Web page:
China’s Golden Tech Grab
The authorities’ effort to discipline Chinese tech firms over the last 18 months has been clumsy and highly costly, featuring a raft of opaque and unpredictable regulations. But the approach the government seems poised to replace it with is not much better.
HONG KONG – Hopes are rising that China’s embattled tech giants will finally get a reprieve from the severe legal and regulatory crackdown that has wiped out over $1.5 trillion of their shares’ value. Amid mounting challenges to economic growth, some Chinese government officials have signaled a possible shift to a new strategy: the acquisition of a 1% equity stake – or a so-called golden share – in major tech firms. But will this approach really brighten the outlook for China’s tech industry?
A new approach is certainly needed. The authorities’ effort to discipline Chinese tech firms over the last 18 months has been clumsy and highly costly, featuring a raft of opaque and unpredictable regulations. The abrupt suspension of Ant Group’s initial public offering in late 2020, the record antitrust fines imposed on Alibaba and Meituan, and the surprise cybersecurity investigation into Didi Chuxing all spooked investors and sent share prices tumbling.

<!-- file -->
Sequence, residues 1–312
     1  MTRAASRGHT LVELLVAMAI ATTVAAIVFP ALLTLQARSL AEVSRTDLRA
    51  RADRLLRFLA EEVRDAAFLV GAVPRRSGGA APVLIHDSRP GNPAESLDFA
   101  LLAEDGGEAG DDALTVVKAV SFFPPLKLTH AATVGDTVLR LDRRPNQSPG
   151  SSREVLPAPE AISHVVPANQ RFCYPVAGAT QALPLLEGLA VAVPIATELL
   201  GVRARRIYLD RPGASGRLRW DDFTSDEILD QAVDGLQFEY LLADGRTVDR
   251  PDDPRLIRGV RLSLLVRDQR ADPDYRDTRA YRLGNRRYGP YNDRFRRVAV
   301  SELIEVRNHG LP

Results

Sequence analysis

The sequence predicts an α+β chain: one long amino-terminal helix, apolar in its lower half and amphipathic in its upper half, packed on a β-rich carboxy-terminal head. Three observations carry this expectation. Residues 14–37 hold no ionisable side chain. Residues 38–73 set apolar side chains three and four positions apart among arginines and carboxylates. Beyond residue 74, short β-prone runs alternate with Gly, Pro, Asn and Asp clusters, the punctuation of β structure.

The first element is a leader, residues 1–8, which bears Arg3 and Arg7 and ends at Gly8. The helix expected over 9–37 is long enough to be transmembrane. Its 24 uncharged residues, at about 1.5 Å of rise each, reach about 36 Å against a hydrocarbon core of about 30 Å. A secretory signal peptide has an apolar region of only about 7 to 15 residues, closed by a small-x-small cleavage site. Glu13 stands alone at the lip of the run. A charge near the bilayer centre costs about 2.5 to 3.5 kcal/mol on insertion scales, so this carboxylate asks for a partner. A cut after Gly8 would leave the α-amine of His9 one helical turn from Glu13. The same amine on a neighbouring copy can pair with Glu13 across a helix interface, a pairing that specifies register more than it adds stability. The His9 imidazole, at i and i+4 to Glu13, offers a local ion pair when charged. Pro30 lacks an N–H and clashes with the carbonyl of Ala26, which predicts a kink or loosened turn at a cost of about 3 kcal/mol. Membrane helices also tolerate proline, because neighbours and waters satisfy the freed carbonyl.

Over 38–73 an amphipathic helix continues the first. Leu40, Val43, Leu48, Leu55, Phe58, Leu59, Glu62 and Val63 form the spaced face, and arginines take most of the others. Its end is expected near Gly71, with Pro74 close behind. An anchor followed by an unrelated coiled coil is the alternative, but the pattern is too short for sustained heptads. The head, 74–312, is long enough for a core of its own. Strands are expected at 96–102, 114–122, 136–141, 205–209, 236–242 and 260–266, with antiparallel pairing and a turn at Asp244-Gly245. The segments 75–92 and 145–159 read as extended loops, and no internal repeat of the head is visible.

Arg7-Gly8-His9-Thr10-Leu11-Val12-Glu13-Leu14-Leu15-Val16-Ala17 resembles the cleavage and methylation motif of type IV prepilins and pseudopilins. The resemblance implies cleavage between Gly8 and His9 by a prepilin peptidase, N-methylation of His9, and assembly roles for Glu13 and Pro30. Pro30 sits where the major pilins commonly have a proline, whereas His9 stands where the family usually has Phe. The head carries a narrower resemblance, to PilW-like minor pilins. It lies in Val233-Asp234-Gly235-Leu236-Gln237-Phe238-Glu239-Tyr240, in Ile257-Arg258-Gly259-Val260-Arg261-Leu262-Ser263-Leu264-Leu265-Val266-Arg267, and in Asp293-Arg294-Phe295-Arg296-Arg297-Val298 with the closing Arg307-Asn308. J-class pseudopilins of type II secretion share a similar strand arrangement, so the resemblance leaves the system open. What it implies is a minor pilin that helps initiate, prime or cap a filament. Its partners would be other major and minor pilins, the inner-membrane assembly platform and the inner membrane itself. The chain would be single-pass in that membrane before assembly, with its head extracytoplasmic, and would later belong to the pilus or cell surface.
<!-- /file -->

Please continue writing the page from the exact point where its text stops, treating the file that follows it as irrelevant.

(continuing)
China’s government now seems to hope that the golden-share arrangement will give it the information and influence it craves while avoiding the economic costs of ham-fisted regulations. A 1% equity stake would normally enable the state investor to appoint a director to the board, ensuring insider access to important corporate decisions and the power to veto them. This would go a long way toward assuaging government fears of the “disorderly expansion of capital.”